Civil Society

April 6, 2014


Higashimatsushima Strives for Creative Future

Keywords: Civil Society / Local Issues Disaster Reconstruction Local government Renewable Energy 

Photo: Large-scale solar power plant in Higashimatsuyama
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Higashimatsushima City in Miyagi Prefecture is striving to rebuild after suffering tsunami damage with the vision of becoming a "FutureCity" - this is the challenge for recovering Higashimatsushima, the city which suffered the most serious damage in all of Miyagi from the Great East Japan Earthquake in March 2011, as well as a challenge which most regional cities in Japan are expected to face in the near future.

At the time of the disaster, 65 percent of Higashimatsushima was flooded and over 15,000 residents were evacuated. However, the city was able to quickly begin reconstruction, largely because of both decentralized community building, and future-oriented strategies utilizing the know-how gained by removing debris when consecutive earthquakes struck northern Miyagi in 2003.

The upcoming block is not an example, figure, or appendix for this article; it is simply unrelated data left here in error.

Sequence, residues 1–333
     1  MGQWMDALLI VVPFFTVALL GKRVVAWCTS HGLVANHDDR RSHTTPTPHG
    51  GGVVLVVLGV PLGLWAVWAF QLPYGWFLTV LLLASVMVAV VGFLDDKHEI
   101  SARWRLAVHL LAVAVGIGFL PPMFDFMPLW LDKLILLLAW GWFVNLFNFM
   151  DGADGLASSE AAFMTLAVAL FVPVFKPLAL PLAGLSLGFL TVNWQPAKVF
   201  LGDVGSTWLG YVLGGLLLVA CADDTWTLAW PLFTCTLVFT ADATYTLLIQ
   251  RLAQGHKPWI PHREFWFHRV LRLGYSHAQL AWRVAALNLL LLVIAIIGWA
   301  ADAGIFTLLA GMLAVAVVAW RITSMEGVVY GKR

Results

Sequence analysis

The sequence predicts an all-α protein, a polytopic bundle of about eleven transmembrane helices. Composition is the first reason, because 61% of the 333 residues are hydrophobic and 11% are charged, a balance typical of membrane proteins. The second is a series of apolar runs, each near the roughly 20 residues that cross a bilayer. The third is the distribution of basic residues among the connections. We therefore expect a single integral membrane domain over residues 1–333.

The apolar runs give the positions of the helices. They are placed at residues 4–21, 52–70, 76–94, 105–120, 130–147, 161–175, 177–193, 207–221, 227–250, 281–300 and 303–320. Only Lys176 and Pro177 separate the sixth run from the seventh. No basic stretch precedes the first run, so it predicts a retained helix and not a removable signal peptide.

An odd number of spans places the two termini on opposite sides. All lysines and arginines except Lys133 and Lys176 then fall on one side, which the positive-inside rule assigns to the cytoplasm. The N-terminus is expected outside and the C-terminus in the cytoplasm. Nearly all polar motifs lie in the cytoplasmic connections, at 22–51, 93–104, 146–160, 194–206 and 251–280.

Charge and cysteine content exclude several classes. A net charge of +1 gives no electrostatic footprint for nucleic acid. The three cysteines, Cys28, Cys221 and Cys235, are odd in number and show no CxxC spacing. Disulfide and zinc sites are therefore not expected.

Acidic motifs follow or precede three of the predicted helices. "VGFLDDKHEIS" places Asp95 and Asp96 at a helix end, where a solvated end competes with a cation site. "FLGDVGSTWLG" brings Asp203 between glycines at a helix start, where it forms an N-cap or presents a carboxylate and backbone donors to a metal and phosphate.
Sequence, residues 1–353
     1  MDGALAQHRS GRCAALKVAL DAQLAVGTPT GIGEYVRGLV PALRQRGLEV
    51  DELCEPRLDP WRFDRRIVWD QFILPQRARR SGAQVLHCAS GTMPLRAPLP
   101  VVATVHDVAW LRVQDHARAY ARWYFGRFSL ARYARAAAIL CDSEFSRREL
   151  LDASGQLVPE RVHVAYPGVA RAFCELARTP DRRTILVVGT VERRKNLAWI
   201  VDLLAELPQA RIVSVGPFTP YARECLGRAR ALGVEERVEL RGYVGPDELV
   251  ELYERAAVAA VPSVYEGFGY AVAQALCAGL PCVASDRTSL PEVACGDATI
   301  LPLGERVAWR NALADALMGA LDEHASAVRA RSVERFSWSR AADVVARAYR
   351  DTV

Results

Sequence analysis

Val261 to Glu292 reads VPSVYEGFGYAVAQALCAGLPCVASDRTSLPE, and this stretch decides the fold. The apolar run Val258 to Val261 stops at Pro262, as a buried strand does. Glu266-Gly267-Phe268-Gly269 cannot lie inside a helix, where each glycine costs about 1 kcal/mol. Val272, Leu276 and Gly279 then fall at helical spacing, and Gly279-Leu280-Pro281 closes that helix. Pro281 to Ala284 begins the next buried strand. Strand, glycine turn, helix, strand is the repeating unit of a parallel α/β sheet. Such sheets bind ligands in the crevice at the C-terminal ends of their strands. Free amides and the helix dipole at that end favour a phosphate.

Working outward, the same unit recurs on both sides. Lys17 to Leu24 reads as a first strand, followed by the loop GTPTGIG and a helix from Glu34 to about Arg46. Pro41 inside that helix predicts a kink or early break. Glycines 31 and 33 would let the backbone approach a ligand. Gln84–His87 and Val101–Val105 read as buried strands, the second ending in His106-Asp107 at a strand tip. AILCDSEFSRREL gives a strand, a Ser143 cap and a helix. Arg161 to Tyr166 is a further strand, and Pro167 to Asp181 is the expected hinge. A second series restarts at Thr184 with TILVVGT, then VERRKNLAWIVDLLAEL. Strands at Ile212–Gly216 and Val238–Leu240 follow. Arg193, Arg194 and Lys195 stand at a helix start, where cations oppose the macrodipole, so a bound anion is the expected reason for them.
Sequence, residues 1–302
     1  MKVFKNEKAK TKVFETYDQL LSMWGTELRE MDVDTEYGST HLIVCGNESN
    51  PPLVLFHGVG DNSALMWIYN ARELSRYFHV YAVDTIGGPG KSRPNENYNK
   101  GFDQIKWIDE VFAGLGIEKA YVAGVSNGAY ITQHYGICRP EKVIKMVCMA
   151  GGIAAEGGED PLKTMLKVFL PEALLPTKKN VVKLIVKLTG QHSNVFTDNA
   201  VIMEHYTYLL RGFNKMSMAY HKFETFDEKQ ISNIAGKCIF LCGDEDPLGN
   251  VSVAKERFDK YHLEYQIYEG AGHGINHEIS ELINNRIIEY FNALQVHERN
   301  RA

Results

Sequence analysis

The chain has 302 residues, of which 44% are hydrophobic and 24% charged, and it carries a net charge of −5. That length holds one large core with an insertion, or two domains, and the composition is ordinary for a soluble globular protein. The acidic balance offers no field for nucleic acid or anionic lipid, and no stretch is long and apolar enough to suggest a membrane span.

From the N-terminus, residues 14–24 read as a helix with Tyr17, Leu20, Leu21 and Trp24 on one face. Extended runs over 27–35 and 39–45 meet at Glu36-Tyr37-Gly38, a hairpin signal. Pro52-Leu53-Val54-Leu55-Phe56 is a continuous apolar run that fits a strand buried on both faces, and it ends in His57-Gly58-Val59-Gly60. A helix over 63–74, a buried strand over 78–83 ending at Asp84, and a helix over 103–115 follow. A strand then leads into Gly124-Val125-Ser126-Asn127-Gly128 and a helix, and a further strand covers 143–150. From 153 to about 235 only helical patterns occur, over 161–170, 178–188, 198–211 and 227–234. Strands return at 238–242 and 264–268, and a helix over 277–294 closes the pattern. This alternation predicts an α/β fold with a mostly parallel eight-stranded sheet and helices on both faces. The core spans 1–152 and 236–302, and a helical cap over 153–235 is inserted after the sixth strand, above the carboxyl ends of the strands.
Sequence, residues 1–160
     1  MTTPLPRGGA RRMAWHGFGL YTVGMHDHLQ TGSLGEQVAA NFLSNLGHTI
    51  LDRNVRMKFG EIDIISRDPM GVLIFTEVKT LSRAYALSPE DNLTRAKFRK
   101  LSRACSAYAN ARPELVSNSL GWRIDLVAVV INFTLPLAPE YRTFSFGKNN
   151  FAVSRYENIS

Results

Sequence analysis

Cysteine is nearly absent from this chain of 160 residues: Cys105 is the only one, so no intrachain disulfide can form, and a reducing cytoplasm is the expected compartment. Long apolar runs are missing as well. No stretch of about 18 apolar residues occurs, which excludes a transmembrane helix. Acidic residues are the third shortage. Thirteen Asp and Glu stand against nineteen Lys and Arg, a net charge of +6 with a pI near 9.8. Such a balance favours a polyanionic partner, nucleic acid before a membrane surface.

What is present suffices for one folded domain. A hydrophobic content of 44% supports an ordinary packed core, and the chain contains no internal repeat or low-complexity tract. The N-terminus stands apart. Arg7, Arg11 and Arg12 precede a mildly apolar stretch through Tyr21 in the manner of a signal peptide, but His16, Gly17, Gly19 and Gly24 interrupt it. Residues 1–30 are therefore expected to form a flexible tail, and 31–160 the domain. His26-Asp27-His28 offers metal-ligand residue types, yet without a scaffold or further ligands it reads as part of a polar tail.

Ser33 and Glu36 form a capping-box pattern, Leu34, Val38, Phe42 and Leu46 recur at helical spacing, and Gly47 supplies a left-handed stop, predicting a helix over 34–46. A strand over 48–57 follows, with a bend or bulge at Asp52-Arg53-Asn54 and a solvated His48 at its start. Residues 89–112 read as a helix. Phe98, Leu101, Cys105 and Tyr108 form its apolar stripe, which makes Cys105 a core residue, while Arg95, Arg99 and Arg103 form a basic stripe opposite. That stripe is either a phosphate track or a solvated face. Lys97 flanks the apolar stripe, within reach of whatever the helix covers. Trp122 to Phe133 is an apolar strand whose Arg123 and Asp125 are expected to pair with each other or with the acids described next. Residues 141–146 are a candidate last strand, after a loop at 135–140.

Over 2000 people participated in meetings to discuss reconstruction, which were conducted as a series of workshops, instead of the prevailing style of one-sided briefings. During the discussions, some residents shared the opinion that independent power sources were necessary, leading to the development of a model renewable energy district. Also, Higashimatsushima was the first to build a large-scale solar power plant in the tsunami-hit areas, as a first step toward an energy system with independent and decentralized energy sources, the type of system sought by the city.

The Higashimatsushima Organization for Progress and Economy Education Energy, an organization nicknamed HOPE, was established with participation by citizens, city government, the local chamber of commerce, and major companies, recognizing that disaster reconstruction will never be possible without building partnerships between local governments and citizens. Gathering all the stakeholders and information into one place at HOPE facilitates mutual understanding and smooth coordination among stakeholders, and HOPE now functions as the main contact for universities, research institutions, non-profit organizations, and other local communities. A substantial advantage of Higashimatsushima City lies in the power of the people, beginning with its municipal employees.